One of chores around the estate is road maintenance.  With about a mile of road on the main estate and 3 miles of road leading to the estate the roads take considerable effort to keep from becoming washboarded or washed out.  One aspect of this maintenance is redistributing gravel along the road.  Gravel has a lifespan and I rake the roads to keep the gravel evenly distributed but it still breaks down over time and having gravel shipped in to to recover the roads is not inexpensive.  Early on, railroad bed material was spread in some areas along the road leading to the estate, but this material is old slag from the smelters and is sharp edged.  While it wears well it is hard on vehicle tires and I have been contemplating using gravel from the arroyos as a substitute for gravel and railroad bed material, hence the newest welding project.  Needing a way to sort gravel from large stones the idea of a gravel sorter came to mind.  I designed a sorter that would sort big rocks from gravel and also produce sand.  Realizing the materials for the project would run several hundred dollars I decided to use material already available, that is fencing material recovered from the additions to the estate, in other words t-posts and old gates.  Material was gathered and I started welding.  But I quickly noticed I was burning holes in the lightweight gate material and some t-posts.  Confused, it eventually dawned on me that I had the current set to high on the welder.  While the higher setting worked fine for the 1/4" steel of the tooth bar it was to high for t-post and gate material.  A simple mistake an experienced welder would not even think about but which took me several days to figure out.  Reducing the current solved the problem and the single tiered gravel sorter was assembled.  Now with this new tool, gravel for the roads can be made from available materials from arroyos on the estate.  It certainly will save time and energy since the last project of making sand for the Rustic cabin was done with a shovel and screen over the tractor bucket.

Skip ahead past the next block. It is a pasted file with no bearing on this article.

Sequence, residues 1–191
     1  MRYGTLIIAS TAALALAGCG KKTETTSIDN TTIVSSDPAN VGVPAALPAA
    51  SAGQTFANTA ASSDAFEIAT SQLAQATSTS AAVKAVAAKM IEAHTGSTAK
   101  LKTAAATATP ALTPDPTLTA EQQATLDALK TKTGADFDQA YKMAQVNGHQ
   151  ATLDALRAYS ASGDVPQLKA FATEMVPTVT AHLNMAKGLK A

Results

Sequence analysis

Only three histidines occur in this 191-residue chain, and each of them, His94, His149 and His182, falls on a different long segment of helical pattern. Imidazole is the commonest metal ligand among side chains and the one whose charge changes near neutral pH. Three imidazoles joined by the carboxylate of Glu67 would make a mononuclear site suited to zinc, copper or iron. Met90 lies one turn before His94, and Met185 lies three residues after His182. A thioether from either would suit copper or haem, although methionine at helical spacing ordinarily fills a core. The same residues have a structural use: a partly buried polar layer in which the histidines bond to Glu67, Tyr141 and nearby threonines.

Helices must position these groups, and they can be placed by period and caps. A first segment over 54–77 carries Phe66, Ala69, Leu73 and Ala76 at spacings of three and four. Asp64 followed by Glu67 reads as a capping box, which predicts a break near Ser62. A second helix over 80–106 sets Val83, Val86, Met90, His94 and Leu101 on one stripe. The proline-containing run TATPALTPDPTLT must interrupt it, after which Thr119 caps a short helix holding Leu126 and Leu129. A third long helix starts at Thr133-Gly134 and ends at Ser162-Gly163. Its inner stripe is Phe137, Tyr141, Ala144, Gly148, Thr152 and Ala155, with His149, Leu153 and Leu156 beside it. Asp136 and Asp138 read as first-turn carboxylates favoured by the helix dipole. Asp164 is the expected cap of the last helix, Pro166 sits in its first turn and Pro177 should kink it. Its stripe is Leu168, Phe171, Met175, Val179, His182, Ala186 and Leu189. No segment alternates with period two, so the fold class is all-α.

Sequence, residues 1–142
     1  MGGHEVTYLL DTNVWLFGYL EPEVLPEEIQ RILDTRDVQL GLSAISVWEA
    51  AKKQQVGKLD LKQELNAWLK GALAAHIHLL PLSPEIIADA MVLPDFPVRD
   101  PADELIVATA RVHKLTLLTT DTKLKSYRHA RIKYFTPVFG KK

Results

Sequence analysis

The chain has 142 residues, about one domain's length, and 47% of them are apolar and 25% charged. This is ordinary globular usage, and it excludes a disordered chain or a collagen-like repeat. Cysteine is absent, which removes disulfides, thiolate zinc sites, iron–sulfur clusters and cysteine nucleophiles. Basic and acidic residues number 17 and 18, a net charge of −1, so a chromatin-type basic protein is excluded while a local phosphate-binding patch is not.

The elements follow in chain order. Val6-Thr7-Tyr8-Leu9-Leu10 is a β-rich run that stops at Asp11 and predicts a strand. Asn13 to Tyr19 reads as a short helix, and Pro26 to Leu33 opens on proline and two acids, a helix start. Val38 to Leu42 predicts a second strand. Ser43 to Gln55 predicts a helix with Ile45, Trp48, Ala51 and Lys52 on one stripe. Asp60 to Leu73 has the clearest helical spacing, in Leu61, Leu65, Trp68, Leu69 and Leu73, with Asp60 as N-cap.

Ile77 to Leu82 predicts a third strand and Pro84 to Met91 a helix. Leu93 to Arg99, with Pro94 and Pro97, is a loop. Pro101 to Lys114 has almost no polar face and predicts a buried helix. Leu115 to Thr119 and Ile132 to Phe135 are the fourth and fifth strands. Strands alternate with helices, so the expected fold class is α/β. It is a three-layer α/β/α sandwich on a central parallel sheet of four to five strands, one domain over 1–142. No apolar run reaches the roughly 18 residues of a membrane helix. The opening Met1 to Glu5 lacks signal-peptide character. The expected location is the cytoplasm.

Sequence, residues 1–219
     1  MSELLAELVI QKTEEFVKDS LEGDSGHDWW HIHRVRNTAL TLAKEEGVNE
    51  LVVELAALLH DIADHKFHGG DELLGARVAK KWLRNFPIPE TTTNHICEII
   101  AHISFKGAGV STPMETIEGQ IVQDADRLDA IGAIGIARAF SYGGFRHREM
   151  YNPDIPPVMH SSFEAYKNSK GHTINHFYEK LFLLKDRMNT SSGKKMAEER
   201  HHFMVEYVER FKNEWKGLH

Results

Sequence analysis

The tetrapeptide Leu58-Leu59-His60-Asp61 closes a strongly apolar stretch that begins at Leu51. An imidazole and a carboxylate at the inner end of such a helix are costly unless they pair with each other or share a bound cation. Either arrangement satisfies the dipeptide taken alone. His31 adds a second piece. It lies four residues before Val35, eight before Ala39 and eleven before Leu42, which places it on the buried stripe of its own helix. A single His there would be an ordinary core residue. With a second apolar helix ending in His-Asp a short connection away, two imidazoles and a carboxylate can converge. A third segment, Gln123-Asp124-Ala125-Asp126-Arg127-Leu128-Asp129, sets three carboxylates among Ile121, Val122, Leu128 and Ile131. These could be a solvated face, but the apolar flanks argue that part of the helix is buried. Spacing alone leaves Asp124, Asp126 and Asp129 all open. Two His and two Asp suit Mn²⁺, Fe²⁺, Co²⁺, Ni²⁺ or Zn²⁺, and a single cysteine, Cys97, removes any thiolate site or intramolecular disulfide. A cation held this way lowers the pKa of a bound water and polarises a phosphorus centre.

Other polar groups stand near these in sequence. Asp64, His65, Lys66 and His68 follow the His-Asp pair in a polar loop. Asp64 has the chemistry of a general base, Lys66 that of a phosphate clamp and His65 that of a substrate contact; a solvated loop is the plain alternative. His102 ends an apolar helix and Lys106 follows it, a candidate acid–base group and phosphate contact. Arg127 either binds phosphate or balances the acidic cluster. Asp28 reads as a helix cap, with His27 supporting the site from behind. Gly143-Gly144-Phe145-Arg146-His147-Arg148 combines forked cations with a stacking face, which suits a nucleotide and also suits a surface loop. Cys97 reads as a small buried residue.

Gravel sorter under construction
Sorting gravel at the Painted Pony Resort


Sunrise and Sunset

The San Simon Valley gets spectacular sunrises and sunsets.  Flanked by the Chiricahua mountains to the west and the Peloncillo mountains to the east, those in the valley are treated to an abundance of beauty every morning and evening.  The view below is a 3 image panorama of wispy clouds reflecting the rising sun which has yet to climb above the Peloncillo mountains.  Some folks have said they prefer the Peloncillos at sunset but I find sunrise the most spectacular especially when there is some cloud cover to reflect the sunlight.  Both times of day either mountain range has something new to see and I'm constantly recording something new I have never seen before.

Sunrise over the Peloncillo mountains from the Painted Pony Resort

Two days later after a day of light rain, the warm temperatures combined with water vapor resulted in low wispy fog at sunrise.

Wispy fog over the Peloncillo mountains in the San Simon valley.



Living and creating art in the wide open spaces of the desert southwest naturally leads to the production of big art.  The sweeping landscape views just beg to be interpreted.  One result is that locally produced artwork also tends to be big.  As noted previously, murals are produced locally as a response to the big landscape that surrounds anyone who lives or visits the area.  Taking that step myself I decided to reproduce a recent image of the Chiricahua mountains as a Giclee canvas print (pronounced "Zee clay") but this image spans 10 miles of landscape and was going require a large canvas for reproduction.  After some searching I found a firm (Canvas Pop) that could reproduce the image at the scale I wanted.  Shown below is the dining area in the main house of the Painted Pony Resort with a signed and dated 5' long reproduction of the image.  I was pleased with the final results and the image makes a fine addition to the dining area, though I suspect I could have made it even bigger without any problems.

Dining area at the Painted Pony Resort with the newly installed 5' Giclee canvas print.
A closer view of the Giclee print


Photographing the Same Subject Over and Over

I frequently take and post images of the eastern side of the Chiricahua mountains as seen from around the Painted Pony Resort outside Rodeo New Mexico.  I have so many images of the same subject that a slideshow entitled "The Many Faces of the Chiricahua Mountains" was created.  The goals in constantly photographing Portal Peak and the eastern Chiricahuas are to create the perfect image as well as photo-document the changes in the landscape that create different moods I experience when observing the mountain range over time.  But what constitutes a perfect image of the Chiricahua mountains?  

From my perspective, several factors are important.  The first is scale.  Scale in this case refers to the physical distance encompassed in the image.  The landscape image below spans 5.75 miles in length, Cave Creek Canyon south to Sulphur Canyon, and 4000' in height, the floor of the San Simon valley to the top of the 8000' Portal Peak.  Since most cameras do not capture scale without forcing the subject into the background my landscape images require construction in a post production process.  A good image editor is required to piece together segments of the landscape taken closeup into a final product that recreates what I see with my eye, is pleasing to view, and encompasses the whole scene.  Since I shoot hand held with an inexpensive point and shoot camera this takes composing the final image in my mind and then collecting the individual elements for later construction.